22. Treatment and Prognosis in Humans • Possible complications • Arthritis, spondylitis, chronic fatigue, epididymo-orchitis • Neurologic signs • Treatment with antibiotics • Relapses possible • Low mortality • 2 to 5% (untreated cases) • Death from endocarditis, meningitis Center for Food Security and Public Health, Iowa State University, 2012

  23. Disease in Animals

  24. Clinical Signs: Sheep and Goats • Mainly reproductive • Abortion, stillbirth, weak offspring • Reduced milk yield • Acute orchitis and epididymitis • Infertility • Arthritis • May be asymptomatic Center for Food Security and Public Health, Iowa State University, 2012

  25. Clinical Signs: Other Animals • Cattle • Abortion • Camels • Abortion, orchitis, epididymitis • Dogs • Often asymptomatic • Abortion, orchitis, epididymitis Center for Food Security and Public Health, Iowa State University, 2012

  26. Post Mortem Lesions • Granulomatous inflammatory lesions • Reproductive tract • Udder • Supramammary lymph nodes • Joints and synovial membranes • Necrotizing orchitis, epididymitis • Autolyzed fetus • Placentitis Center for Food Security and Public Health, Iowa State University, 2012

  27. Morbidity and Mortality • Importance varies by region • Influenced by husbandry practices • Susceptibility of breeds • High abortion rate in naïve herds • Milk yield decreased • Fertility impairment in males • May be permanent • Death is rare Center for Food Security and Public Health, Iowa State University, 2012

  28. Differential Diagnosis • Consider brucellosis when: • Abortion and stillbirth occur without concurrent illness • Diseases to consider: • Chlamydiosis • Coxiellosis • Brucella ovis Center for Food Security and Public Health, Iowa State University, 2012

  29. Laboratory Diagnosis • Microscopic exam • Serology • Screening • Brucella antigen test, complement fixation, ELISA • Culture and identification • Phage typing, biological and serological characteristics • PCR Center for Food Security and Public Health, Iowa State University, 2012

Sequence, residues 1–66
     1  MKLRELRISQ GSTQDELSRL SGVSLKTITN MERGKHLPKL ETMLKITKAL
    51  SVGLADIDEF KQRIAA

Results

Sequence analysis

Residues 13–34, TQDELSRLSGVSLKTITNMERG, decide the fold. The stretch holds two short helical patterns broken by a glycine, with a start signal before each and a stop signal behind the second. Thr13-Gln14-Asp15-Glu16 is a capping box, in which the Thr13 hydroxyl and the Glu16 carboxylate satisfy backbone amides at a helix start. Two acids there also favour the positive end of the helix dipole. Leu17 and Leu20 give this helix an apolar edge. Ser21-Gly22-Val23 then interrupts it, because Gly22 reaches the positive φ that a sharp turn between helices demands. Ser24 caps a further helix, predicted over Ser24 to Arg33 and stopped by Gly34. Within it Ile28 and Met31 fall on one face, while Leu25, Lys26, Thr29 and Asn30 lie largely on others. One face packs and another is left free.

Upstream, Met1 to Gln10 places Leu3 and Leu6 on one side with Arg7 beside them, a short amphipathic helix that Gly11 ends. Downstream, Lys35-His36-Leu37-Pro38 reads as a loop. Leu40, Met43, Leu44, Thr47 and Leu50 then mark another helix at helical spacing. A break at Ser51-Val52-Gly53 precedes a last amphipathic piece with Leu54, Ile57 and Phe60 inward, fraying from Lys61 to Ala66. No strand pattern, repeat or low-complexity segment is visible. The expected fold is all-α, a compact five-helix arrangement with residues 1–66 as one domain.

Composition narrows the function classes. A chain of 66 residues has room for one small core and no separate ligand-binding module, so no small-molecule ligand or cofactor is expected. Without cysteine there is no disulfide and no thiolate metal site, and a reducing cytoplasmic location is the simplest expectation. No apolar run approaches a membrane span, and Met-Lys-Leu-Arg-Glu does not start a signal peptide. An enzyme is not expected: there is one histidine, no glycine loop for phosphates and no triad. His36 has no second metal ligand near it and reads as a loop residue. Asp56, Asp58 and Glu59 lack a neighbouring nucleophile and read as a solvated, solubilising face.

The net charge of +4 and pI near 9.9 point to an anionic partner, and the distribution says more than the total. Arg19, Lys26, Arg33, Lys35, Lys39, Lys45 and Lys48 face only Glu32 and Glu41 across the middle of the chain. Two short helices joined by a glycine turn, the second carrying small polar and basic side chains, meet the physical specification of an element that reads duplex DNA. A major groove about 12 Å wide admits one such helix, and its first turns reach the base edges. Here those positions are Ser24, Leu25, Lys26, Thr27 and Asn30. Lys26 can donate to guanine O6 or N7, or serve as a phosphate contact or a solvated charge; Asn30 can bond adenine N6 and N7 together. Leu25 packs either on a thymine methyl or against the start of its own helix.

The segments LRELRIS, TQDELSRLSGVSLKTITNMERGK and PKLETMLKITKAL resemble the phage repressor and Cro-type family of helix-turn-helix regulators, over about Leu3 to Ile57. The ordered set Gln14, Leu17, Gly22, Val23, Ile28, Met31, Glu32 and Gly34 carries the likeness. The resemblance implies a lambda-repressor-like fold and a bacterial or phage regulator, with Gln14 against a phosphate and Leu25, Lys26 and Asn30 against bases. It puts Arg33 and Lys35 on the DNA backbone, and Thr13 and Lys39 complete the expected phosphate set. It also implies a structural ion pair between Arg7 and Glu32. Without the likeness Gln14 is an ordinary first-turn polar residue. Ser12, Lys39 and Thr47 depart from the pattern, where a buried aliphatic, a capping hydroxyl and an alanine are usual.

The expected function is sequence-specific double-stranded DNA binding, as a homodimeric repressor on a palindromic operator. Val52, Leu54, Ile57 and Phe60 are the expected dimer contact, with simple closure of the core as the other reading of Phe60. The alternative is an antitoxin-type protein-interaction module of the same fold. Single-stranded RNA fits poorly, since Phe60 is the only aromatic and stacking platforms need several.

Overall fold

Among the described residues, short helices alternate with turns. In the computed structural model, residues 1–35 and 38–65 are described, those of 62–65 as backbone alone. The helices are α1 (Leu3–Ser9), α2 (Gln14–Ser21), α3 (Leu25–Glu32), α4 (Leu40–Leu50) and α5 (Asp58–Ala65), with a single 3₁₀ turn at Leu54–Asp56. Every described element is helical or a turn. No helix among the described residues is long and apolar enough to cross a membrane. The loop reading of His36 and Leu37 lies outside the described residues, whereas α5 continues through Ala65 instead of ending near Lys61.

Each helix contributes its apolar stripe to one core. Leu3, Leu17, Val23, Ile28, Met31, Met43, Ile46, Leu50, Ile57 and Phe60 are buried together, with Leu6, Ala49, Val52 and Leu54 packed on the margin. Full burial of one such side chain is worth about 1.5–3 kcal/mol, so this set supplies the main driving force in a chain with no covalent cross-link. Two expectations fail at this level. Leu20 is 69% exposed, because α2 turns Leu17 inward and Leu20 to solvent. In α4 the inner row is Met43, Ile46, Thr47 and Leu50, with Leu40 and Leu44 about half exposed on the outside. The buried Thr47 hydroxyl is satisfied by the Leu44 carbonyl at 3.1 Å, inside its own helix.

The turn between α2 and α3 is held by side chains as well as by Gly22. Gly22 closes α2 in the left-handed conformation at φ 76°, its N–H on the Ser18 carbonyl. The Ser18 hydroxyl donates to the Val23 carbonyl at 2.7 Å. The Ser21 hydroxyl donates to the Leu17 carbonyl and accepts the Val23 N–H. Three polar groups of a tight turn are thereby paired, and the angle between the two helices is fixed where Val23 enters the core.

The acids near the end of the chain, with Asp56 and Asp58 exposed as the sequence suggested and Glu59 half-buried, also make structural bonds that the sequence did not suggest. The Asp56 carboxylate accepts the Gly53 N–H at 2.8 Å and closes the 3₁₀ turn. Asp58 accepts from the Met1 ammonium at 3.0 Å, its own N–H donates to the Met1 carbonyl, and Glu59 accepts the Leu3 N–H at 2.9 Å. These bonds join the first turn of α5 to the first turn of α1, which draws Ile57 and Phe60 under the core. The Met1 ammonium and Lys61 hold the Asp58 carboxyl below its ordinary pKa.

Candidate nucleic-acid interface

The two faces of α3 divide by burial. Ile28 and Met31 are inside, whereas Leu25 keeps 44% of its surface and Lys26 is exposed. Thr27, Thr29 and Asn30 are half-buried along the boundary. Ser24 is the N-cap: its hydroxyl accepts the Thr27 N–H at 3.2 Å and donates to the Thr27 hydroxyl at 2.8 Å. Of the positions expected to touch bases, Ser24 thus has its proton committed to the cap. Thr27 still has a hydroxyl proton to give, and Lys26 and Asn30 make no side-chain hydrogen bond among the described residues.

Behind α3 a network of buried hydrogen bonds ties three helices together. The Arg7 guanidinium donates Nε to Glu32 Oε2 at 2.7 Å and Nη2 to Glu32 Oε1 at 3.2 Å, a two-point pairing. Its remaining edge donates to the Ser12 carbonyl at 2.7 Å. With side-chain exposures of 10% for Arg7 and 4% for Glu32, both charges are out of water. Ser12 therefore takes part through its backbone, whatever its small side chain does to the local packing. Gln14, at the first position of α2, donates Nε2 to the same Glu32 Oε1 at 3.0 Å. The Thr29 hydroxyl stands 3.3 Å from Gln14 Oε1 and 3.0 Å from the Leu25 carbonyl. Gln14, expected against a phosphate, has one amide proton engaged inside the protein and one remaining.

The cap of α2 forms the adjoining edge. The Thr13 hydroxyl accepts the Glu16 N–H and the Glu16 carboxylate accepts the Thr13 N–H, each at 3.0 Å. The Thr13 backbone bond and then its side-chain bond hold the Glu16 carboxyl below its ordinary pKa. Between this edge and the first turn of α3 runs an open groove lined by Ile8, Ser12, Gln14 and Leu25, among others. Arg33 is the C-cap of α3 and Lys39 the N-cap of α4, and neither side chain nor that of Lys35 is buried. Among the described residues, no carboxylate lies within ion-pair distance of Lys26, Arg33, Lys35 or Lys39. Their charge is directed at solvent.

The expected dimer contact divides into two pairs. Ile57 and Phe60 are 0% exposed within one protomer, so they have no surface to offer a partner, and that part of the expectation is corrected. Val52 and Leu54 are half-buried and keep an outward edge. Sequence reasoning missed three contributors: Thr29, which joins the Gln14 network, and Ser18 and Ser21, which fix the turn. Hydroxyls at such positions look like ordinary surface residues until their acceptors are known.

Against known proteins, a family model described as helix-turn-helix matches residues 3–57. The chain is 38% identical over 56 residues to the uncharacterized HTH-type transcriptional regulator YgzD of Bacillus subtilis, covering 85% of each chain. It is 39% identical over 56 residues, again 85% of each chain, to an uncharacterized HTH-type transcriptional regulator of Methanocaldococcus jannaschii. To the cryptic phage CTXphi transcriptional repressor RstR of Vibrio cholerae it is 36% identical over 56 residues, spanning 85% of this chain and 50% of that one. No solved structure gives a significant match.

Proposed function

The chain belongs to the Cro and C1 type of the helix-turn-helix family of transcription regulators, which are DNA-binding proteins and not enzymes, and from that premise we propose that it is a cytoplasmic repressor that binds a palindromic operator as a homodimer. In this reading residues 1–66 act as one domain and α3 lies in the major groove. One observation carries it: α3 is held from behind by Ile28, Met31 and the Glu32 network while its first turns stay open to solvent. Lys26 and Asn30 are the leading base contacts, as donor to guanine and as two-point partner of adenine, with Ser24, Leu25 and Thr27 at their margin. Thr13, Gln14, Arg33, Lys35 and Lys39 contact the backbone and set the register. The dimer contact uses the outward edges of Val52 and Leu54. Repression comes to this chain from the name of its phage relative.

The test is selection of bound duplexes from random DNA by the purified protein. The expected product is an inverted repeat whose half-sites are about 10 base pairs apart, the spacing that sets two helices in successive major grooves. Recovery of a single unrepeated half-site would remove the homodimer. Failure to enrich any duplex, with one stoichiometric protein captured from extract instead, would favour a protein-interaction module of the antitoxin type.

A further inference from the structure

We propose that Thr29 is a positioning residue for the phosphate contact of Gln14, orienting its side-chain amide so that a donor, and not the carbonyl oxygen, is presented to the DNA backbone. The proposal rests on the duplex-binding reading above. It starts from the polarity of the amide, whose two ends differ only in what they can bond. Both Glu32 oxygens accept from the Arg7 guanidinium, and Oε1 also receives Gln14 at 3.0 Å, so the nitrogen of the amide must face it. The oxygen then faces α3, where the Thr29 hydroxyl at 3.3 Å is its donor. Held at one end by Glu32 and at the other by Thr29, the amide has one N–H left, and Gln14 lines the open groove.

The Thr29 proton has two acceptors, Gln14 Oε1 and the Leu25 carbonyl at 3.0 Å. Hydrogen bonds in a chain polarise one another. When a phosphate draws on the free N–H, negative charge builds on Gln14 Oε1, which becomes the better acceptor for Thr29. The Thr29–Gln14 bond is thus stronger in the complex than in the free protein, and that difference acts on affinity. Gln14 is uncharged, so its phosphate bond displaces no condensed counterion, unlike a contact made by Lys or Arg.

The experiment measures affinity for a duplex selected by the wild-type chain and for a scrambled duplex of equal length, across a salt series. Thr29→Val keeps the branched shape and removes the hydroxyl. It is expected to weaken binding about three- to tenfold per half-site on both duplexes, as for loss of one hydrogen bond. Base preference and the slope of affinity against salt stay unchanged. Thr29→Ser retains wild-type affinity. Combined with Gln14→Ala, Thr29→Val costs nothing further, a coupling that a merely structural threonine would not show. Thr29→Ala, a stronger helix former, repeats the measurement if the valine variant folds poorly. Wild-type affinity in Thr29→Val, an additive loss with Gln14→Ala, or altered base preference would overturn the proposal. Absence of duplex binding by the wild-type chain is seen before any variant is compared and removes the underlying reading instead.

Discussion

30. Collecting Samples • Milk samples • Vaginal swabs • Aborted fetuses • Placenta • At necropsy • Spleen, mammary and genital lymph nodes, udder, uterus Center for Food Security and Public Health, Iowa State University, 2012

  31. Prevention and Control

  32. Recommended Actions • Notification of authorities • Federal Area Veterinarian in Charge (AVIC) http://www.aphis.usda.gov/animal_health/area_offices/ • State Veterinarian http://www.aphis.usda.gov/emergency_response/downloads/nahems/fad.pdf Center for Food Security and Public Health, Iowa State University, 2012

  33. Prevention and Control • May be introduced into herd by: • Infected animal • Semen • Test and slaughter • Include shepherd dogs • Infection control • Cleaning, disinfection, good hygiene Center for Food Security and Public Health, Iowa State University, 2012

  34. Prevention and Control • B. melitensis Rev1 vaccine • Used in endemic areas • Attenuated live vaccine • Can cause abortions • Interferes with serological tests • Minimized by conjunctival administration in lambs and kids • Not licensed in U.S. Center for Food Security and Public Health, Iowa State University, 2012

  35. Prevention and Control • Education about risk of transmission • Veterinarians, farmers, animal husbandry clubs, laboratory workers • Wear proper attire if dealing with infected animals/tissues • Gloves, masks, goggles Center for Food Security and Public Health, Iowa State University, 2012

  36. Prevention and Control • Readily killed by most disinfectants • Hypochlorite • 70% ethanol • Isopropanol • Iodophores • Phenolics • Formaldehyde/glutaraldehyde • Quaternary ammonium compounds not recommended Center for Food Security and Public Health, Iowa State University, 2012

  37. Additional Resources • Center for Food Security and Public Health • www.cfsph.iastate.edu • CDC Brucellosis • http://www.cdc.gov/ncidod/dbmd/diseaseinfo/brucellosis_g.htm Center for Food Security and Public Health, Iowa State University, 2012

  38. Acknowledgments Development of this presentation was made possible through grants provided to the Center for Food Security and Public Health at Iowa State University, College of Veterinary Medicine from the Centers for Disease Control and Prevention, the U.S. Department of Agriculture, the Iowa Homeland Security and Emergency Management Division, and the Multi-State Partnership for Security in Agriculture. Authors: Kerry Leedom Larson, DVM, MPH, PhD, DACVPM; Anna Rovid Spickler, DVM, PhD; Sarah Viera, MPHReviewer: Glenda Dvorak, DVM, MPH, DACVPM Center for Food Security and Public Health, Iowa State University, 2012